An article 22 decorated in accordance with the methods herein described as the subject matter of the subject invention can be provided with further films beyond the color films and coating films described. It is also possible for additional films to be applied between the films.
If, finally, an overlying coating film is applied, it can be cured preferably with a beam of electrons or by UV radiation. Other curing techniques using heat, for example, are also possible.
By controlled heating of the applied coating films it is also possible to bring about diffusion of the dye molecules of the diffusible disperse dye in the coating material. In this context the heating of the coating films may be carried out with a hot-gas jet which has, for example, a width which is small in comparison with the width of the colored decoration and of the coating films.
In this case it is preferred that the hot-gas jet is heated to a temperature at which it causes, or at least assists, the dye of the primary coating film 26 to diffuse into the overlying coating film adjacent to the article. This produces a very good aesthetic effect of the decorated article and, in particular, a certain depth effect of the coloration. The dye molecules diffuse different distances, depending on their molecular weight, into the overlying coating material, which has a positive effect on the visual impression of the decoration.
The adhesion of the films to one another and also the mechanical properties of the applied coating and dye films can be promoted by the hot-gas jet when it impinges on the top-most coating film. The narrow width of the hot-gas jet may act as a knife and may be guided linearly over the coating film. With this technique it is possible to achieve a precisely controlled increase in temperature for a defined time period to a defined depth of the films without the bottom-most coating film being increased to the same temperature as the top-most coating film on the substrate. By this means it is possible to control the diffusion of the dye molecules.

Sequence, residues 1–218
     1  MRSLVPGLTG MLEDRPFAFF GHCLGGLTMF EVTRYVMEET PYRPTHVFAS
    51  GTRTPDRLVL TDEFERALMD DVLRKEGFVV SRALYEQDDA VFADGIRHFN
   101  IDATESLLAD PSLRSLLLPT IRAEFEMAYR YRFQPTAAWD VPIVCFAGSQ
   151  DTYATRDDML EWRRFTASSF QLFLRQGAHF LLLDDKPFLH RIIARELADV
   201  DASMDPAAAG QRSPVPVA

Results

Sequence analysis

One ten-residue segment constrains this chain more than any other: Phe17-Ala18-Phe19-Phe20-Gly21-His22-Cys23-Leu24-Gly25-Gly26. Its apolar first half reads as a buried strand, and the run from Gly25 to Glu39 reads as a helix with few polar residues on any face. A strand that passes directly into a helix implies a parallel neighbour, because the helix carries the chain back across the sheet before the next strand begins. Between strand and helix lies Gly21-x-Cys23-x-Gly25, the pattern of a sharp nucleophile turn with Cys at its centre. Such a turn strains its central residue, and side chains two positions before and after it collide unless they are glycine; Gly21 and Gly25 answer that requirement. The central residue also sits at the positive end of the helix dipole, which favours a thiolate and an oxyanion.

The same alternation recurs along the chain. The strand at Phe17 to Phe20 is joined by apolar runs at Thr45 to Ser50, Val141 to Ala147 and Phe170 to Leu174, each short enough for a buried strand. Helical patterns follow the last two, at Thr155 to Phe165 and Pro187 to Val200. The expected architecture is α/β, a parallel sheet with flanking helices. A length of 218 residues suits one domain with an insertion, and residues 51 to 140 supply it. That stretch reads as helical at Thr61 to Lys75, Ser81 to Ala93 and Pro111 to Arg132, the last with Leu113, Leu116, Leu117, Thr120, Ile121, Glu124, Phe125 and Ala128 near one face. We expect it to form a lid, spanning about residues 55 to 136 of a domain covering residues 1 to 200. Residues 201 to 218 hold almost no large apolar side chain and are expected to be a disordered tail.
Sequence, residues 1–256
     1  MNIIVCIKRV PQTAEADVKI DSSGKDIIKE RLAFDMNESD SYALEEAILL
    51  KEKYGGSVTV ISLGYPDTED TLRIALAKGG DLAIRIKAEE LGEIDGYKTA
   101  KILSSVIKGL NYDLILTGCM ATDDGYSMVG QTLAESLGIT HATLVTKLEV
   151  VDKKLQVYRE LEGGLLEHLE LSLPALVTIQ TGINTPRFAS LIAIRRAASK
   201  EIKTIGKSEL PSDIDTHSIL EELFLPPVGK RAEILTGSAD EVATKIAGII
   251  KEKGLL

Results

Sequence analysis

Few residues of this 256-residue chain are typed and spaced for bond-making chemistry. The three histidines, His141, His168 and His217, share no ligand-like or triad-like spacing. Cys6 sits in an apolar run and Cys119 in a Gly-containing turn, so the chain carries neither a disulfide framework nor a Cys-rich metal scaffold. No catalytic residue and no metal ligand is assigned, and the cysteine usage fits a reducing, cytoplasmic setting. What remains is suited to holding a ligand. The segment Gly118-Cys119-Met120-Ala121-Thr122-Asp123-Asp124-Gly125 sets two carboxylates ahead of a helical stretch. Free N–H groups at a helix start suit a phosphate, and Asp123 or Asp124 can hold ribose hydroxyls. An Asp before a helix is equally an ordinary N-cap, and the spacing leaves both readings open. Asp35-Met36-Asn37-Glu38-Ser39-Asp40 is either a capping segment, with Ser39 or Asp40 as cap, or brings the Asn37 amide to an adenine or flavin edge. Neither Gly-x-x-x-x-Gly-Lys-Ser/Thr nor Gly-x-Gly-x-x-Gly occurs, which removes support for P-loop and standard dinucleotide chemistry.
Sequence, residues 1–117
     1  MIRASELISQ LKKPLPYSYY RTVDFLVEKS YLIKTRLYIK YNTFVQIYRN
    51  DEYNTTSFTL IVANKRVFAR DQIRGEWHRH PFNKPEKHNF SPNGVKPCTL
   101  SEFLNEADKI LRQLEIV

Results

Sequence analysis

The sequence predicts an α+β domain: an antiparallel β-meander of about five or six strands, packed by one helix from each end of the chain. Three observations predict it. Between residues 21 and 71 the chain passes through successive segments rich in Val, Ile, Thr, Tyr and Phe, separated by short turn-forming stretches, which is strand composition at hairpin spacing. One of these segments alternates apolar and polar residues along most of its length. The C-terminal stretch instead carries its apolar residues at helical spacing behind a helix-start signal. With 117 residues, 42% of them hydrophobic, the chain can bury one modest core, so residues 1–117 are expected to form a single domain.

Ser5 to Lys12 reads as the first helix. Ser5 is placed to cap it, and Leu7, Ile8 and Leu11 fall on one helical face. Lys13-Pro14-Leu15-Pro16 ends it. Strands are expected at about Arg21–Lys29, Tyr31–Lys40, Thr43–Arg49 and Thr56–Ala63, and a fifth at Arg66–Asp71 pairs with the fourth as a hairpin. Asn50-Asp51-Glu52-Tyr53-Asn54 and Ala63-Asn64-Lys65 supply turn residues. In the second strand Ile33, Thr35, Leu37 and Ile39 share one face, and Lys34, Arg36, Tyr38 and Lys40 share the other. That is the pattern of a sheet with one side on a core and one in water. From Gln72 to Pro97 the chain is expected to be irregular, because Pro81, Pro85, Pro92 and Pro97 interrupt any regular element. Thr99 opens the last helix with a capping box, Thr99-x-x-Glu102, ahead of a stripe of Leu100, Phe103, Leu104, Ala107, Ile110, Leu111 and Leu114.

In the case of the colored decoration and coating of articles, the quality of the colored decoration in the marginal regions and edge regions of the article is frequently critical. The quality of the coated decoration in the edge region is promoted by linear motion of the hot-gas jet directed such that it contacts the affected edge or margin of the substrate with the color coating film and other coating films on the color coating film to cover the edge. For example, in the case of a right-angled edge the hot-gas jet heats both adjacent edges in the same manner.
The invention has been described with reference to the preferred embodiments. Obvious modifications and alterations will occur to others upon reading and understanding the preceding detailed description. It is intended that the invention be construed as including all such modifications and alterations insofar as they come within the scope of appended claims or the equivalents thereof.
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|US8360239||Jan 29, 2013||Kroell Keith B||Kit for transferring an image onto an object|
|US20030121598 *||Feb 21, 2003||Jul 3, 2003||Nobuyuki Otaki||Liquid pressure pattern-transferring ink, a liquid pressure pattern-transferring film, a liquid pressure pattern-transferred article and a method of transferring a print pattern on an objective body under a liquid pressure|
|US20060051718 *||Sep 8, 2004||Mar 9, 2006||Azfar Kamal||Dual stacked gas burner and a venturi for improving burner operation|
|US20080053603 *||Sep 1, 2006||Mar 6, 2008||Epling J Patrick||Method for High Definition Dip Transfer Printing|
|US20110132529 *||Jul 21, 2010||Jun 9, 2011||Flextronics, Ap, Llc||Diffusion decoration technology|
|WO2011071693A1 *||Nov 23, 2010||Jun 16, 2011||Flextronics Ap, Llc||Diffusion decoration technology|
|U.S. Classification||156/230, 156/247, 156/277, 156/289, 156/237, 156/236, 118/402, 428/914, 427/147, 427/149, 156/240, 427/146, 427/336, 118/403|
|International Classification||B44C1/175, B44C1/17, B41M5/025, B05D1/20|
|Cooperative Classification||Y10S428/914, B05D1/20, B41M5/025, B44C1/1745, B44C1/1758|
|European Classification||B05D1/20, B44C1/17H6, B44C1/175H, B41M5/025|
|Jan 18, 2000||AS||Assignment|
Owner name: BUSH INDUSTRIES, INC., NEW YORK
Free format text: ASSIGNMENT OF ASSIGNORS INTEREST;ASSIGNORS:WALTER, THOMAS;ZAHER, MAXIMILIAN;REEL/FRAME:010533/0878
Effective date: 19991103
|May 5, 2005||FPAY||Fee payment|
Year of fee payment: 4
|Jun 8, 2009||REMI||Maintenance fee reminder mailed|
|Nov 27, 2009||LAPS||Lapse for failure to pay maintenance fees|
|Jan 19, 2010||FP||Expired due to failure to pay maintenance fee|
Effective date: 20091127